In her new book Thinking like an Economist, sociologist Elizabeth Popp Berman addresses a distinctive way of thinking about policy – what she terms the economic style of reasoning – that gained prominence in US public policy in the 1960s and since then evolved into the prevalent policy framework in Washington (and elsewhere). Berman explains that the economic style of reasoning is based on a deep appreciation of markets as efficient allocators of resources and efficiency as the measure of good policy. The ingredients of such reasoning include relying on models to simplify, quantifying, weighing costs and benefits, and thinking at the margin. Even though often portrayed and perceived as politically neutral, Berman reminds us that economic reasoning has values and preferences of its own, like the ones for competition, choice, and efficiency, and our rethinking of competing values and policy concerns in the language of economists can come at the cost of some violence to the original positions – as she demonstrates on the example of environmental policies of the 1970s and 1980s which gradually moved from the framework that stigmatized polluters towards the position that saw pollution as an externality to be priced. Besides exploring the different facets, parameters and origins of the economic style of reasoning, Berman also follows its spread in the United States and shows how it became prevalent in Washington. In particular, Thinking like an Economist focuses on two intellectual communities of economists between the 1960s and 1980s – systems analysts from RAND Corporation (whose work focused on how should governments make decision) and a network of industrial organization economists based in Washington (whose work focused on market governance). Berman reconstructs the network and interactions among these economists and shows how they helped to institutionalize a specific style of reasoning in various US policy domains such as antipoverty policy, antitrust policy, environmental regulation, and health and safety regulation. Thinking like an Economist is a masterfully written analysis of the institutionalization of economic type of reasoning in US public policy and provides important lessons for our reflections on the dominance of economic knowledge and economic values in politics.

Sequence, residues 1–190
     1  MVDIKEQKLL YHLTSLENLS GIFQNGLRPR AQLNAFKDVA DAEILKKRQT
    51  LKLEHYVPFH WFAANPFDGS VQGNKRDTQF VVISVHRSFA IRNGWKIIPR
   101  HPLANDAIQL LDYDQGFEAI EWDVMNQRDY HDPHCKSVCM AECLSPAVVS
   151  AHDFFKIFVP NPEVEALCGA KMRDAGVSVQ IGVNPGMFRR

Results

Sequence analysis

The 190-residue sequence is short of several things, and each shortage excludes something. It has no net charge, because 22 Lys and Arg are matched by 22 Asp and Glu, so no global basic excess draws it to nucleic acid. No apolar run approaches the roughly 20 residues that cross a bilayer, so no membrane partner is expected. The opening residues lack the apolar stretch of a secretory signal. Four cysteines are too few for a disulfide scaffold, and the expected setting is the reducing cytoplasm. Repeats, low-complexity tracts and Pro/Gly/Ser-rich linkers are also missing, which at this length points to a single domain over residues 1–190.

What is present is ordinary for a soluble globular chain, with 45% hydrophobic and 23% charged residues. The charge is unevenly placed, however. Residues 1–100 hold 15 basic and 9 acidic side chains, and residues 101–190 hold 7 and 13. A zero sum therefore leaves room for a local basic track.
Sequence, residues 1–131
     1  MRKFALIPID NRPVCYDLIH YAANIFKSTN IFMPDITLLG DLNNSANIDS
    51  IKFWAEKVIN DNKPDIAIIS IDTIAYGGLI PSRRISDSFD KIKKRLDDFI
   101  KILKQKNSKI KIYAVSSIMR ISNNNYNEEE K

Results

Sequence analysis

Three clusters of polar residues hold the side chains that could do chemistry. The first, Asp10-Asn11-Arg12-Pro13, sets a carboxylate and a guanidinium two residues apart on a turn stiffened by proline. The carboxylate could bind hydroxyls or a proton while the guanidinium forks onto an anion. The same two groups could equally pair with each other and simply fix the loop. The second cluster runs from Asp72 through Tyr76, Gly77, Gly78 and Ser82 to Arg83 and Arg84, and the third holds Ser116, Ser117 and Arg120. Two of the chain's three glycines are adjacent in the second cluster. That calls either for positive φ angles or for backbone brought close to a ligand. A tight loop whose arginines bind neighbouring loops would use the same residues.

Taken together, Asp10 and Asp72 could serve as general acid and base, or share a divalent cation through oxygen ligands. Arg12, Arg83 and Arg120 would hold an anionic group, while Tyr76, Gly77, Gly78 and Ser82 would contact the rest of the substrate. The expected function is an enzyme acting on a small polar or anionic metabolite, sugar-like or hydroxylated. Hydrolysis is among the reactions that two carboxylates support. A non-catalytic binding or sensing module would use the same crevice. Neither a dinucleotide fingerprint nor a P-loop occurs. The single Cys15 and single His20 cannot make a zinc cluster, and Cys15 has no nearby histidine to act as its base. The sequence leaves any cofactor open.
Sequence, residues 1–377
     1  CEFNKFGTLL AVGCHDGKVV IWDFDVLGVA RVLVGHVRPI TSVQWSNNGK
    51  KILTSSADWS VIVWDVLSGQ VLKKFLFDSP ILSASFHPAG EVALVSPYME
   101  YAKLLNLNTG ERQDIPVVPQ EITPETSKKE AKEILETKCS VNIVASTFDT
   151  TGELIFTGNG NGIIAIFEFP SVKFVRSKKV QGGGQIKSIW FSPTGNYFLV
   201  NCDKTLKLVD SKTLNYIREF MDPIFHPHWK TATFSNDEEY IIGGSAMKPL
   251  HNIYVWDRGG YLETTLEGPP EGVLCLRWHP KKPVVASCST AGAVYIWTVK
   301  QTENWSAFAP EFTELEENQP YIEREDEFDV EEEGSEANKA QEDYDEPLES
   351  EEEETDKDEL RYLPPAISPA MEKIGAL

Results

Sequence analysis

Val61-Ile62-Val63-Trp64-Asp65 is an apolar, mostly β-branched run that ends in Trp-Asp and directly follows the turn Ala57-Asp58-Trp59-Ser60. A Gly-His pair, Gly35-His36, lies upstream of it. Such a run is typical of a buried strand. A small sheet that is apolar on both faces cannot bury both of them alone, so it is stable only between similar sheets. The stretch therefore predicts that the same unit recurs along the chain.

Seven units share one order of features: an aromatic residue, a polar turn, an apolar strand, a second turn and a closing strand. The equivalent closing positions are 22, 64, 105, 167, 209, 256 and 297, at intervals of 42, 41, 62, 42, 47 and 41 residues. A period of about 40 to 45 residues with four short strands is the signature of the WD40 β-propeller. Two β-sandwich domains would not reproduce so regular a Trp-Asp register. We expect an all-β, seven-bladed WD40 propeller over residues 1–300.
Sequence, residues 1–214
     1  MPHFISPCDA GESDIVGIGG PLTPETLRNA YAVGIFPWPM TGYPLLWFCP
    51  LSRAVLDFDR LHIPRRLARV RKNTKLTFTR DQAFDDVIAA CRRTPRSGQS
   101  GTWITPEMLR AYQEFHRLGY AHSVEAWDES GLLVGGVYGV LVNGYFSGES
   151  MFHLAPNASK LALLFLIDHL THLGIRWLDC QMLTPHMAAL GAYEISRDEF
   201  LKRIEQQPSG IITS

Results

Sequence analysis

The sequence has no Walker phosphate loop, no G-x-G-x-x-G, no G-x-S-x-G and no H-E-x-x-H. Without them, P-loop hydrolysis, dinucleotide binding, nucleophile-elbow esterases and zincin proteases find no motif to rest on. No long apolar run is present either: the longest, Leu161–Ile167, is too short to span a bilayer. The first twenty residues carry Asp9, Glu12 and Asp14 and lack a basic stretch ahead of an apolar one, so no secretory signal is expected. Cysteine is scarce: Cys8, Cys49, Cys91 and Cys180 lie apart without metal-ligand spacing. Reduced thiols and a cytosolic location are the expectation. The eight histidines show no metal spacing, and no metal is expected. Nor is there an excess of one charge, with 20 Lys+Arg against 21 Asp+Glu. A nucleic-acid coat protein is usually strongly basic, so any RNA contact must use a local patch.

Antoney Bell, McGill University.
Jack Halberstam, “Queer Temporality and Postmodern Geographies,” in In a Queer Time and Place: Transgender Bodies, Subcultural Lives (New York: NYU Press, 2005), 1-21.
Jack Halberstam examines how queerness as a social identity has the potential to create a new understanding of futurity and life with an alternate relationship to time and space. Halberstam challenges Western ideas of linear progression, suggesting instead that the experiences of queer people deviate from chrono-normativity. For instance, major life events such as 2SLGBTQI people coming out, trans people undergoing a gender transition, or tragedies such as the AIDS epidemic alter the progression of queer lives.
Sara Ahmed, “Happy Futures,” in The Promise of Happiness (Durham: Duke University Press, 2010), 160-198.
Ahmed examines the fabulous film Children of Men that recounts the story of a disillusioned bureaucrat and a pregnant refugee who navigate a dystopic society struck by global human infertility. Ahmed depicts the film’s protagonist, Theo Faron, a cynical “has-been” activist who represents an “affect alien” in a society on the brink of collapse. The possibility of future happiness arises when a rumour foretells of the “Human Project,” an isolated community that will sustain the human race. Theo then discovers a miracle: Kee, a pregnant Black woman who is trying to reach a boat called Tomorrow that will bring her to a utopian community far away from the raging conflict between refugees and the British government. Ahmed skillfully articulates the significance of future happiness through the relationship between Theo, the boat Tomorrow, and Kee’s unborn child. Within our dominant white heteronormative society, humans place great importance on posterity as a means of securing their future happiness. Ahmed implores us to view the boat Tomorrow as an allegory for the futility of future happiness.